Opus 40: Sonata for Cello and Piano (1934)

Sonata for Cello and Piano, op. 40 (1934)
CD:  “Sonatas for Cello and Piano”, Pieter Wispelwey (cello), Dejan Lazic (piano)  (Channel Classics CCS 20098)

I’m very glad to have reached the cello sonata.  Shostakovich’s music for stage and screen has its pleasures but my project leaves me little control over my focused listening, and these mid-November days right after the fallback to standard time from daylight savings have me in the mood for contemplative, chamber-sized music.  I listened through the sonata three times through between Monday and Tuesday (this post goes up late due to some technical difficulties), hearing it for the first time ever in blustery cool weather and then steady rain — too often while driving, but that’s what my schedule this week affords — and it’s both an engaging work of art and an apt companion to the season.

Shostakovich turned into a formidable composer of chamber music but to this point in his career he’d written little of it, at least in part because the Soviet Union’s cultural arbiters hadn’t yet settled the question of whether such small-scale music was too individualistic for the needs of the state and its mass audiences.  His Aphorisms and 24 Preludes, vehicles for his career as a pianist, seem to contain his most personal music so far.  (The first symphony and Lady Macbeth of Mtsensk speak with a great deal of emotion and personality, too, but more dramatically so.)  The cello sonata, though it’s more romantically lyrical than the equilibrium his style would hold through the 1940s and ’50s, is the first of his works that I recognize as middle-period rather than early Shostakovich, in its directness of expression and in its symphonic expansiveness despite its chamber size.

A long Allegro non troppo opens the sonata with grace, although it casts shadows too:  The elegant opening theme, in a move that would become typical in the composer’s string quartets and elsewhere, quickly becomes subject to darker-hued dramatics.  A more expansive, upward-reaching second theme, lovelier than is typical for Shostakovich’s melodies, quiets the mood.  The piano introduces it under unabashedly sentimental sighs from the cello, before the instruments trade it off:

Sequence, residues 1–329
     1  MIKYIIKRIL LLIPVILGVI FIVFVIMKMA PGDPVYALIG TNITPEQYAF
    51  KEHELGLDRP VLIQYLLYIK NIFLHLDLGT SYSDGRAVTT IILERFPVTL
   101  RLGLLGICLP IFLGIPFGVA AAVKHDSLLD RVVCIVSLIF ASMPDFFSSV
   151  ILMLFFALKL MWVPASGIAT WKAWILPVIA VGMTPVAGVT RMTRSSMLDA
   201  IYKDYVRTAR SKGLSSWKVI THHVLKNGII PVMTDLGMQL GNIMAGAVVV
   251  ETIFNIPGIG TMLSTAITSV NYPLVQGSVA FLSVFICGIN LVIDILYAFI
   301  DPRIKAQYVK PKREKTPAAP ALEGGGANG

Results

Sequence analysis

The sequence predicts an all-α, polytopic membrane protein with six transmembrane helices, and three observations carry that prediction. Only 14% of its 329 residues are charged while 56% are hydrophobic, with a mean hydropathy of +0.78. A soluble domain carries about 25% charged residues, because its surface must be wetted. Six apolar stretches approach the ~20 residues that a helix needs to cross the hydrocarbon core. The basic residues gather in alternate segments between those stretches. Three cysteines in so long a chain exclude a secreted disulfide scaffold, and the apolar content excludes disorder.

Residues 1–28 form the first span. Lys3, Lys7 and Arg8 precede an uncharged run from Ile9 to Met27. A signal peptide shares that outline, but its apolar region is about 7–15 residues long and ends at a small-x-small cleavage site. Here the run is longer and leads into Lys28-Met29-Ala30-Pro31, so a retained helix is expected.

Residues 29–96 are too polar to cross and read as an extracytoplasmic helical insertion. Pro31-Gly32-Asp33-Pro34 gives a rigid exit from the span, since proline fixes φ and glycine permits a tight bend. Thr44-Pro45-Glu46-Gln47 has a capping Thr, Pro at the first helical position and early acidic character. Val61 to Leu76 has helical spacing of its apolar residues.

That second theme recurs wistfully in between developmental episodes.  The movement ends on a dark note, as the cello slowly restates the opening theme; Wispelwey gives the passage a spectral presence.

The opening of the second movement also sounds remarkable on this disc, a cold, droning whirlwind of a round dance:

The movement lightens in places but despite its motion it frequently sounds hollow, drained of all mirth.  The eight-minute Largo that follows forms the emotional core of the piece.  It is dark, nocturnal music, characterized by searching melodic lines and pulsing rhythms in the piano.  It reaches back to the unsettling Cradle Song that ends Aphorisms and to the murky atmosphere of the Japanese songs, but it also looks forward to the more harrowing Nocturne of the first violin concerto:  A few passages give off a loamy warmth but there is little solace to be found in this musical night.

The fast-moving fourth movement bears the closest resemblance to the puckish but edgy items within the 24 Preludes, although it recalls the first piano concerto too; the former cinema pianist pops out of its theatrical outbursts.  This last movement lacks the concerto’s sunny mood, though, running back and forth between nervous glee and something more like existential panic, especially in some running figures near the end that recall the frenzy of the second movement.